Yet the Magdalene—that part of her name derives from Magdala, her hometown—lives on in another tradition that can be found in an obscure second-century text. Dubbed "The Gospel of Mary," it depicts Mary as a leader of Jesus' followers in the days after his resurrection. Written by Christians some 90 years after Jesus' death, Mary's is a "Gnostic gospel"; the Gnostics, a significant force in the early years of Christianity, stressed salvation through study and self-knowledge rather than simply through faith. The text was lost for centuries until found in fragments by a collector in Cairo in 1896. In its telling, Jesus rises and vanishes after instructing his disciples to "preach the good news about the Realm." The exhortation makes them uneasy: Christ had died preaching that gospel. What was to save them from a similar fate?

Mary, however, is serene. "Do not weep and be depressed nor let your hearts be irresolute," she tells them. "For his grace will be with you and shelter you." Jesus, she says, has appeared to her in a vision where he gave her special knowledge of the soul's journey through mystical realms. She tells the men she will help them understand the true teachings of Christ: "What is hidden from you I shall reveal to you."

Her words seem to sting the others. Peter, "a wrathful man," takes particular offense. "Did he really speak with a woman in private, without our knowledge?" he asks. "Should we all turn and listen to her?" Mostly, he is jealous: "Did he prefer her to us?"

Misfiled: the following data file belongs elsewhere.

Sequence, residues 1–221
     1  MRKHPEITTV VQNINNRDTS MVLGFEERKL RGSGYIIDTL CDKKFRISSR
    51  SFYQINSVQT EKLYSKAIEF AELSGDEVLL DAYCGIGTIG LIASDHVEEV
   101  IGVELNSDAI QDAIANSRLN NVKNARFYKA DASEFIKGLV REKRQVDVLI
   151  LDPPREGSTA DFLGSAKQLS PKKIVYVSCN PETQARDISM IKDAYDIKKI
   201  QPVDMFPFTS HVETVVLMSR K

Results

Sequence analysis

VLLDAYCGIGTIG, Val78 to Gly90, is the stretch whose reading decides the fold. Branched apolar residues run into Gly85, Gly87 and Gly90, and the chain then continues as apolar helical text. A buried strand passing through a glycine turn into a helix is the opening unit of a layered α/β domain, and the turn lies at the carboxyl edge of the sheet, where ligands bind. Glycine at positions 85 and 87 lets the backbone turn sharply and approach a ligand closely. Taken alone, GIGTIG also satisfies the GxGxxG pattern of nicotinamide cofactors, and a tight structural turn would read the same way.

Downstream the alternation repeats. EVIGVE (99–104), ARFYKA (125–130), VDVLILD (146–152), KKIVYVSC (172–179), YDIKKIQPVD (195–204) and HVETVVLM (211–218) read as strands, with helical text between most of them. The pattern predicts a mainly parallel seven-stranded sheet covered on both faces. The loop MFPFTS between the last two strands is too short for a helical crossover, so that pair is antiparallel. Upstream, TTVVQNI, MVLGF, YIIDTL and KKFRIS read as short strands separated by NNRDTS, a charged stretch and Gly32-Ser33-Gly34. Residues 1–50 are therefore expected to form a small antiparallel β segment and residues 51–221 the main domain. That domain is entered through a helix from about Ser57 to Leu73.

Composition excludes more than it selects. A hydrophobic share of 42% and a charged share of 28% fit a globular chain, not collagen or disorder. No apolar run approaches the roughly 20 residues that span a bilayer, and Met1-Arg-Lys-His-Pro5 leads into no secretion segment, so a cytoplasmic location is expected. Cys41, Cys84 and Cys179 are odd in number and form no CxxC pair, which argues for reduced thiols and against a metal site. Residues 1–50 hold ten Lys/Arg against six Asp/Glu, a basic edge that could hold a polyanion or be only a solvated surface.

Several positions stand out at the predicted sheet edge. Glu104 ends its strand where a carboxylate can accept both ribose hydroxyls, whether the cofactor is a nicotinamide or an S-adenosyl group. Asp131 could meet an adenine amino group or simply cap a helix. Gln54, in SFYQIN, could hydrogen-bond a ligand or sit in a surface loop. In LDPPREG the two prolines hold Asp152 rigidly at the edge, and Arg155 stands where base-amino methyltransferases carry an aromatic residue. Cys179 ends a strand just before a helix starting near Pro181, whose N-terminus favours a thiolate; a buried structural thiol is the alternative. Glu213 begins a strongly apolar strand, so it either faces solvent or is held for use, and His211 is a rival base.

It is a question that is shaking Christianity after two millenniums. To many feminists and theological liberals, the Gospel of Mary suggests that the Magdalene, the first witness to the Resurrection, was the "apostle to the apostles," a figure with equal (or even favored) status to the men around Jesus—a woman so threatening that the apostles suppressed her role, and those of other women, in a bid to build a patriarchal hierarchy in the early church. To others, shaped by orthodoxy, Mary was an important player in the life and ministry of Jesus, but subordinate to the men who followed him. Now, thanks to Dan Brown's "The Da Vinci Code," read by some 60 million people and open in 3,735 movie theaters nationwide, Mary Magdalene has a new role: wife of Jesus and mother of his child, whom Mary, who purportedly escaped the Holy Land, raised after Jesus' death. According to the "Code"—which opened to tepid mainstream reviews but strong box office—the baby grew up to marry into a royal line in France—and descendants of Jesus and Mary can be found in Europe to this day. In one particularly affecting but purely fanciful scene, one character argues that the figure at Jesus' right hand in Leonardo's "Last Supper" is not a male disciple but Mary Magdalene, and that if one recasts the painting by putting "Mary" on Jesus' left, they complete each other, male and female, a human whole—a married couple, joined together forever. It is cinematically intriguing, but like virtually all of Brown's novel and the movie, it is a fantasy, not fact, and, not for the first time, Mary Magdalene is a vehicle of fevered fiction.